knowledge retention appears in service transition planning, implementation phase and
service performance monitoring phase.
Before going through the details of each item in the lifecycle model, three important
points need to be clarified. First, the lifecycle model is cyclical. It means that the end of
service performance monitoring phase from the prior cycle will trigger a start of next
cycle from O&O decision, and this can repeat multiple times until service termination.
Second, skipping one phase and directly moving towards its next is not recommended.
This lifecycle model is deliberately designed to tackle the main challenges presented by
the service stakeholders in different phases. The ignorance of one phase could cause
resolved issues to reappear, and further damage the overall service quality. Third, this
model illustrates the process and sequence of actions that the stakeholders can rely on
to approach the anticipated result. However, it by no means guarantees a service success alone. There always exist extra unpredictable or subtle problems to be dealt with
in practical situation. The model should evolve by time and by practice.
In the following paragraphs, the six elements, including the governance group and five
phases, are elaborated in turn. Each element starts with a recap of associated challenge(s), then the literature knowledge points and finally the details of the element in
the developed model.
Governance Group
Communication among stakeholders and support procedure are identified as two challenges in the previous section and to be tackled by governance group proposed in the
developed model. Three interviewees expressed the same opinion that regular communication should take place among the stakeholders during the entire service lifetime,
and one interviewee stated that the official support process sometimes is not flexible
enough to meet the requirement from business, and the voice of business side is also
hard to be heard by the application support team.
Although none of the three referenced lifecycle models emphasizes the importance of a
governance group, Amaral et al. (2011: 57) explicitly point out that establishing governance model before the joint operations can eliminate many potential issues in distributed product development. A governance group is able to establish efficient communication channels, prevent or resolve disagreements and handle possible changes
with a speedy and inexpensive manner.
The researcher of this study perceives that it is important to build a governance group
from day one of the service. In the developed lifecycle model in Figure 14, governance
group is highlighted on the top of the diagram and its functioning lasts for the entire
life time of the service. Although the service officially starts only after the contract
signing, a governance group could have been established before joint operations to
ensure correct decisions on the O&O decision and contract negotiation phases. The
governance group should consist of representatives of relevant stakeholders in this
service, for example including roles of service manager, application support person and
end user. The group is usually led by a person who is in charge of the service‟s overall
scope, like the service manager. As the name implies, one function of the group is to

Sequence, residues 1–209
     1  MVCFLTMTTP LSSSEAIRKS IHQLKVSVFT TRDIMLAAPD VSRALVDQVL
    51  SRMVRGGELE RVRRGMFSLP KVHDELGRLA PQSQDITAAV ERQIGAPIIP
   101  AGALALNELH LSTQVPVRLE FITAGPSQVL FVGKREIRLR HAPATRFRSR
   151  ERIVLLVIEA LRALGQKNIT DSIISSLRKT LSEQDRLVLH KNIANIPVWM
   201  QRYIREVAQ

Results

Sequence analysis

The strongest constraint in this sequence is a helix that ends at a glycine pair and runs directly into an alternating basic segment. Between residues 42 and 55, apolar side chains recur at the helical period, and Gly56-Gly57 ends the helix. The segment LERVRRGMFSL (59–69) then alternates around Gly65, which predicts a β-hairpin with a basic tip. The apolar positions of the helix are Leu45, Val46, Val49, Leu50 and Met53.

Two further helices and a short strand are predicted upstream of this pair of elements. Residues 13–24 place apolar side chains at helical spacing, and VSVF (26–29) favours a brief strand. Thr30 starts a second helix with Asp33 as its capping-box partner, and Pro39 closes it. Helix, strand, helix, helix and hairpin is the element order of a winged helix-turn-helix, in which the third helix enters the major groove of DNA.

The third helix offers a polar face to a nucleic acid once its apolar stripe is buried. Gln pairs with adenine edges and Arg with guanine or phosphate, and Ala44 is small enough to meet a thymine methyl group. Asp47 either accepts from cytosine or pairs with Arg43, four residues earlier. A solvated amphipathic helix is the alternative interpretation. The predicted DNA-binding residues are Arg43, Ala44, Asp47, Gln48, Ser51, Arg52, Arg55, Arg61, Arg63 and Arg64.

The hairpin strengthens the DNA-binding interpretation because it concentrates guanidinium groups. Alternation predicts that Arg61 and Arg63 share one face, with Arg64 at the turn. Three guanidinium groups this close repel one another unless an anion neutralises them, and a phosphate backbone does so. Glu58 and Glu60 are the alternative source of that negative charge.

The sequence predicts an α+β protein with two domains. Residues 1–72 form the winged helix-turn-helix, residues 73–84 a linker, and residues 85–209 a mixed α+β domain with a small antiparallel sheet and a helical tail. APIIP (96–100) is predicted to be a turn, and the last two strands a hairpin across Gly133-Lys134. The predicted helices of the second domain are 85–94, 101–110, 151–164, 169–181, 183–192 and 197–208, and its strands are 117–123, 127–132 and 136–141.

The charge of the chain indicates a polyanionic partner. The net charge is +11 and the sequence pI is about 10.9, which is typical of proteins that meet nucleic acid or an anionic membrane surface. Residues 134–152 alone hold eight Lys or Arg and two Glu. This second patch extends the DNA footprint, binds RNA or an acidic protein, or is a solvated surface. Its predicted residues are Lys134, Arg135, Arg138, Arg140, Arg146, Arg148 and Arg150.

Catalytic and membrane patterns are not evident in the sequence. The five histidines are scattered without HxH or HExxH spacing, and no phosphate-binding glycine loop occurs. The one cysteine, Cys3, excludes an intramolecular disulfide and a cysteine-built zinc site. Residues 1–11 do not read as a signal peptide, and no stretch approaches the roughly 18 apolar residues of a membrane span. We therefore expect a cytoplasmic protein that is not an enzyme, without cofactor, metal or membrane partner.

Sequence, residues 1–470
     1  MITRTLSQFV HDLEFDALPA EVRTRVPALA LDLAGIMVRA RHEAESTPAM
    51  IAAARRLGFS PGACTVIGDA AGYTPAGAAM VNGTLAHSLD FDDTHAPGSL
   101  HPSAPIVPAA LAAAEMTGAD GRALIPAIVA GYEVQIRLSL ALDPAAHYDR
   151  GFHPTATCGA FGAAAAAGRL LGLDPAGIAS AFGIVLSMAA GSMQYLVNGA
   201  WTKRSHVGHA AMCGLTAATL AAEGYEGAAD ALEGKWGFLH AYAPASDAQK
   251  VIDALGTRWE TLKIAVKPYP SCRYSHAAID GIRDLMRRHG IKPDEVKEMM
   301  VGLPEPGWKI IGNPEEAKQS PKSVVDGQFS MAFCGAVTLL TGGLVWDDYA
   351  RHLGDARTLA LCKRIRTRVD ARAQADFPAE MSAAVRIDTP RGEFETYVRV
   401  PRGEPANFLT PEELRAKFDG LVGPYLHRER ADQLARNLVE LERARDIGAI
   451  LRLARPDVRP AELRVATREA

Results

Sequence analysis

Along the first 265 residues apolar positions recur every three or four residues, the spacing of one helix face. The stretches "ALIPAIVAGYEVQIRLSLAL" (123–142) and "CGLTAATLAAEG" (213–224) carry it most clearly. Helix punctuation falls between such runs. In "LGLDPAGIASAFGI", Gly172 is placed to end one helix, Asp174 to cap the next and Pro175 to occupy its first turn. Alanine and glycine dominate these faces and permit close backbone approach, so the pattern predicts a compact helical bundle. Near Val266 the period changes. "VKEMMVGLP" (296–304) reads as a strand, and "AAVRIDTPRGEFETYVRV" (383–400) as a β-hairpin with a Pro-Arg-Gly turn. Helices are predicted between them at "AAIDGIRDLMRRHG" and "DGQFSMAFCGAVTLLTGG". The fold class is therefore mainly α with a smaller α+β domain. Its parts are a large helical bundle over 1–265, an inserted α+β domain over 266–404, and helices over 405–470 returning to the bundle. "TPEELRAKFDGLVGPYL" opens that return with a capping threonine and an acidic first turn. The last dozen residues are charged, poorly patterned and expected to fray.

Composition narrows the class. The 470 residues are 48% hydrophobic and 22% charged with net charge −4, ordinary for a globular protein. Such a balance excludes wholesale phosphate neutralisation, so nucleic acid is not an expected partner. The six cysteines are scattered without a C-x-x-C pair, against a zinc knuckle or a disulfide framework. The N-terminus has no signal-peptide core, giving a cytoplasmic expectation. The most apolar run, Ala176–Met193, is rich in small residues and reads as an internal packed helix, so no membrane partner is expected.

govern and steer the service to the right direction. Another function, which supplements the previous one, is to set up regular governance meetings in order to deal with
the emerging issues, prevent or resolve disputes and allow participants to present
opinions. Besides the two functions mentioned above, the governance group also has
other functions specifically associated with phases of the model. They are elaborated in
the following paragraphs.
Phase 1. O&O Decision
O&O decision is employed as the first phase in the model to deal with application to be
outsourced and support competence challenges in order to make the go or no-go decision. There are three interviewees who discussed application to be outsourced challenge. For example, 5:A shared his experience that the more customization the application has the more difficult to outsource it. On the other hand, the service provider
firm should offer people with relevant support competence. Two interviewees encountered the problem that the support people assigned from the service provider do not
meet the required skill level.
In the three referenced models, the outsourcing decision should consider company‟s
strategic objectives. However, in the developed model, the strategy evaluation is
skipped. The case company has already established an agreement (master contract)
with the service provider that a certain amount of supporting hours will be consumed
each year. It means that the strategic evaluation has already been completed in the
master contract stage.
The first phase, O&O decision, in the lifecycle immediately drives the case company to
address the three questions below. In this phase, the governance group is responsible
for finding the answers.
Is it viable to outsource this application support or not?
What is the scope of the outsourcing service?
What are the measures of the outsourcing service?
For the first question, it is important to assess the service provider‟s competence on
the relevant service area. Due to the cultural fact that Indians are reluctant to say „no‟
and the service provider is usually trying to please the customer to obtain the offer, the
governance group should make the decision independently without influences from the
provider firm.
Once the outsourcing decision is made, the next two tasks for the governance group
are to define the service scope and the service measures (so called Key Performance
Indicators (KPIs)). For the service scope, the current service support personnel are
recommended to help define it because they are the people who are most familiar with